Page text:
Sweden’s ‘the Square’ reflects on society’s responsibility as citizens

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Sweden’s ‘the Square’ reflects on society’s responsibility as citizens


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During the Zurich Film Festival, a rising star among the European cinema events, New Europe’s Federico Grandesso sat down with Swedish film director Ruben Östlund to discuss his most recent film “The Square” a satirical drama that garnered the Scandinavian director the Palme d’Or at the 2018 Cannes Film Festival and an Oscar nomination for best foreign film. The plot, which savagely ridicules the contemporary art world, also looks at various socio-political issues gripping contemporary Swedish society, including asking deeper questions about the country’s reputation as a bastion of political correctness and the universal attitude of mistrust in modern society.

In the story, Christian is the curator of the X-Royal art museum in Stockholm, formerly the Royal Palace. He is interviewed by a journalist, Anne, and struggled to to explain to her particular museum jargon.

He is later dragged into a confrontation in a pedestrian zone, after which Christian notices that his smartphone and wallet are missing, presumably stolen. He is able to locate his stolen phone using his computer, which he and his assistant Michael trace to a large apartment block. They write a threatening anonymous letter demanding the return of the phone and wallet by depositing them at a nearby store.

Christian throws a copy of the letter in each apartment mailbox at night. Several days later, a package for Christian is actually deposited at the store, containing the phone and the completely untouched wallet. Euphoric after the success of his plan, Christian goes to a party where he meets Anne again and ends up in her apartment. After they have sex, Anne offers to throw away his used condom but, feeling threatened, he steadfastly refuses to hand it over to her. They argue over the situation, as she believes he does not trust her to dispose of the semen rather than take it. Several days later, she meets him in the museum saying she wants more from him than casual sex. She asks him if he feels the same, but he appears to be less than enthusiastic about entering into a serious relationship with her.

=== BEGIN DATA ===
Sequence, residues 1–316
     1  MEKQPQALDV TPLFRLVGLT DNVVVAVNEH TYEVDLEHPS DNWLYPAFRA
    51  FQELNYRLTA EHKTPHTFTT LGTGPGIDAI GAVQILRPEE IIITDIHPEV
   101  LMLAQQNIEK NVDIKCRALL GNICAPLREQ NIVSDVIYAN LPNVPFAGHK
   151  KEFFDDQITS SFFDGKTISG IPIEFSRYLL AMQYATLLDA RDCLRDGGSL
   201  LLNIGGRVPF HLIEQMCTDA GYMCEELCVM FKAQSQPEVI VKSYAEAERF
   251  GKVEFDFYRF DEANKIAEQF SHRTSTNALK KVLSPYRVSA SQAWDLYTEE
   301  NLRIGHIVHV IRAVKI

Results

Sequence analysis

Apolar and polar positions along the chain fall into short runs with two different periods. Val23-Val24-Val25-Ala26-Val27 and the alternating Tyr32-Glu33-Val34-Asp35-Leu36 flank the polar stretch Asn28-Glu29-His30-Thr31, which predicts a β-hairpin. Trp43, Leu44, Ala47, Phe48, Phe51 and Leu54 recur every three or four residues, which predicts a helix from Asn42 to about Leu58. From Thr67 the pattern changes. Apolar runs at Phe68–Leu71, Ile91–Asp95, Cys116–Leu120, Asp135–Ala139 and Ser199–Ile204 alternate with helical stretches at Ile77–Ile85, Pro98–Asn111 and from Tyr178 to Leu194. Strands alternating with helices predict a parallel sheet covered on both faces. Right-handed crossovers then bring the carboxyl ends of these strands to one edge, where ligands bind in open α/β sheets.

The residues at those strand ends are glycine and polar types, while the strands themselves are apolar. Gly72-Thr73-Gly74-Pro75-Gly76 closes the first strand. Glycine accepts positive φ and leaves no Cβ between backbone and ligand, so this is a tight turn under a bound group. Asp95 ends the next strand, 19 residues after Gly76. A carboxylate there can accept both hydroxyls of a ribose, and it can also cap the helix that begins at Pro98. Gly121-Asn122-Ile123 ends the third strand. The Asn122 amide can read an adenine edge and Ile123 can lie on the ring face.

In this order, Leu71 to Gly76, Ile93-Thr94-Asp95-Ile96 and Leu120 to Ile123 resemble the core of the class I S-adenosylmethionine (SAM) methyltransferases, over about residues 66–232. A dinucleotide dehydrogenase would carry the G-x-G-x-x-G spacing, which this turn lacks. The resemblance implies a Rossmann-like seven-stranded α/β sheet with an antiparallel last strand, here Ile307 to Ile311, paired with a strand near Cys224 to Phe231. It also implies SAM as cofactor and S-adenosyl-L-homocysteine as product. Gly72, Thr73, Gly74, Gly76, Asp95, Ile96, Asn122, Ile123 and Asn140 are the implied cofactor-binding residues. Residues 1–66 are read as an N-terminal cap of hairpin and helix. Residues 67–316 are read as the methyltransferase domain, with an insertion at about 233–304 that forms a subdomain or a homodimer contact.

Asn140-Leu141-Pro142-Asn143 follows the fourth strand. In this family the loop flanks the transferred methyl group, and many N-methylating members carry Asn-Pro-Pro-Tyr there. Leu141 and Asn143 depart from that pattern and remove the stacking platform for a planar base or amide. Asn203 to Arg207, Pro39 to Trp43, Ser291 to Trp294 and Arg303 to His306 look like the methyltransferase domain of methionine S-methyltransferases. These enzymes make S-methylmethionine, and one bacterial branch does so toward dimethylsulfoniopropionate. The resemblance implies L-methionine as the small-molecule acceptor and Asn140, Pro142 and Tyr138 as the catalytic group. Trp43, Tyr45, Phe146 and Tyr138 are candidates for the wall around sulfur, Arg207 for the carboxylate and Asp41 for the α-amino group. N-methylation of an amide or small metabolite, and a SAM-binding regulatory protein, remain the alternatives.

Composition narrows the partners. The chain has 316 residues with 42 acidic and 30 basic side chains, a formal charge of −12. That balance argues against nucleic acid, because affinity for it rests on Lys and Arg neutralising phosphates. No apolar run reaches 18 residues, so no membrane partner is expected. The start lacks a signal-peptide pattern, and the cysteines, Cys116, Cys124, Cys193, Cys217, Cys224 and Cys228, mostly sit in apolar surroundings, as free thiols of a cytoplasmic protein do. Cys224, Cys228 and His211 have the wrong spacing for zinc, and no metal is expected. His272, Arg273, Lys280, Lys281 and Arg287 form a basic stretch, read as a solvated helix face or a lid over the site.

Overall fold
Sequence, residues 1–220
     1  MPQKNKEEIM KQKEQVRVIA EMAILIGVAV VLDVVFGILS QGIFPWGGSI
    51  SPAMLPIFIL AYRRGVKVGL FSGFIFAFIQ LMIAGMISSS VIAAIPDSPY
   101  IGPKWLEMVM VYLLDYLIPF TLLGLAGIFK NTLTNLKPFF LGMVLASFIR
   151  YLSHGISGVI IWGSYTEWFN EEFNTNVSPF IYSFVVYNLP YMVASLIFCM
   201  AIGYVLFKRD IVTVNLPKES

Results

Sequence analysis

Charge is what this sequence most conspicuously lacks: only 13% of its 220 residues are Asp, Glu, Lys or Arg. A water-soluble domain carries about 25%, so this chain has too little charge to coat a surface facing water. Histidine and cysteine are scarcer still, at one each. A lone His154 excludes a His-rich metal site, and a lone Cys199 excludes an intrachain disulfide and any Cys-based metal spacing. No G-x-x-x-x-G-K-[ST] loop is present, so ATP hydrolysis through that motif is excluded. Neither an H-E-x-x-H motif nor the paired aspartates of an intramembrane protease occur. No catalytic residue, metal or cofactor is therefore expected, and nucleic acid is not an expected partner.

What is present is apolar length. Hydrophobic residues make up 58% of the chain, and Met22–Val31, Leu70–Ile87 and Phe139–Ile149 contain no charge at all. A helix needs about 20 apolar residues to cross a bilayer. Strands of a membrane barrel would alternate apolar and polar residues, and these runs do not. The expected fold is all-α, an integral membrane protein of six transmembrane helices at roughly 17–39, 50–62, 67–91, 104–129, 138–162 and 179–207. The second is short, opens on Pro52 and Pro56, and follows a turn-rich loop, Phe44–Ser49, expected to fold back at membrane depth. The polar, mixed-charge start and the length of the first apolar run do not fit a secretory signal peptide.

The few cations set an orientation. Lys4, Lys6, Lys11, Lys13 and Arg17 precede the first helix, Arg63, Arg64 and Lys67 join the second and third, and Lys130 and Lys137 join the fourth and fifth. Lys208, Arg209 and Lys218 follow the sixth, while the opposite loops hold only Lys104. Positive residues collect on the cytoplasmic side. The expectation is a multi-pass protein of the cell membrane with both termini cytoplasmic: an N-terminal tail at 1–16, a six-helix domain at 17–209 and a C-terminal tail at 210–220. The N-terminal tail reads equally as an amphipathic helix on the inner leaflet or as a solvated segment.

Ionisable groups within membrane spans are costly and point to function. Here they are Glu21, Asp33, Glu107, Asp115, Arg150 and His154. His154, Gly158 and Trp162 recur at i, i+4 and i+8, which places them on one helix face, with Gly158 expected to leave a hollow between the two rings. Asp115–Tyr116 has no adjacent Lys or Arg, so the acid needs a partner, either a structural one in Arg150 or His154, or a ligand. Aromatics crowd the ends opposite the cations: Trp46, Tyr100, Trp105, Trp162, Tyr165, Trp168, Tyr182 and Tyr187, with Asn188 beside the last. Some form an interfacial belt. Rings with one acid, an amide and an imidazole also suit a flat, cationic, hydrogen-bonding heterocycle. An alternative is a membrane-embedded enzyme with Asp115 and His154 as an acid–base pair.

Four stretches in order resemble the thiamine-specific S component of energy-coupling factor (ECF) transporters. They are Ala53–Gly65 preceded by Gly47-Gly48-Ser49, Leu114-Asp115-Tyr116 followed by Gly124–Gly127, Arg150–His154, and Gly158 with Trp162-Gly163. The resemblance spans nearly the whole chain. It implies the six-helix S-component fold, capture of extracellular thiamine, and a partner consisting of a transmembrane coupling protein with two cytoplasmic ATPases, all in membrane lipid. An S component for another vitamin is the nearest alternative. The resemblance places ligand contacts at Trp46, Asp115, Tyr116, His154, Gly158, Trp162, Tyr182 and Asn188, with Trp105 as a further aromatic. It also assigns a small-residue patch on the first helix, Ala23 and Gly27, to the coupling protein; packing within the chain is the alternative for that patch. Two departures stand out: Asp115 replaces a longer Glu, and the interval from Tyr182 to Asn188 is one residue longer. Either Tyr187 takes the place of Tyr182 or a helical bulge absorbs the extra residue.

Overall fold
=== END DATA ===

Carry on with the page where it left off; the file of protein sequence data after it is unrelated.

When Anne later tries to call him, he does not pick up the phone. The day after picking up the package containing his phone and wallet, Christian is informed that a second package has arrived for him at a 24-hour mini-market. Suspicious, he sends Michael to pick it up. In the store, Michael is confronted by a young boy who states that his parents believe that he is a thief because of the letter and demands that Christian apologise to him and his family or the boy will create “chaos” for Christian at a time when he has to manage the promotion of a new exhibition centered on an art piece called “The Square” by Lola Arias. The artist describes the Square as, “A sanctuary of trust and caring. Within it, we all share equal rights and obligations.”

 Contemporary art is one of the main topics of your film, how did you use it?

The art scene itself is a quite an interesting place because it has the possibility to embrace the idea of “the Square” and there are not so many areas in society where we could discuss these concepts ‘out of the box’. I think there are a lot of good things about the art scene, but there is a problem in these contemporary art museums that exhibit art…they deal with rituals and conventions that just repeat themselves. When I was doing the research for this movie, I noticed in these museums that you can see a Warhol, a Giacometti, or another famous piece of art on the wall, then you have another popular object on the floor, but this doesn’t lead you to any new thoughts.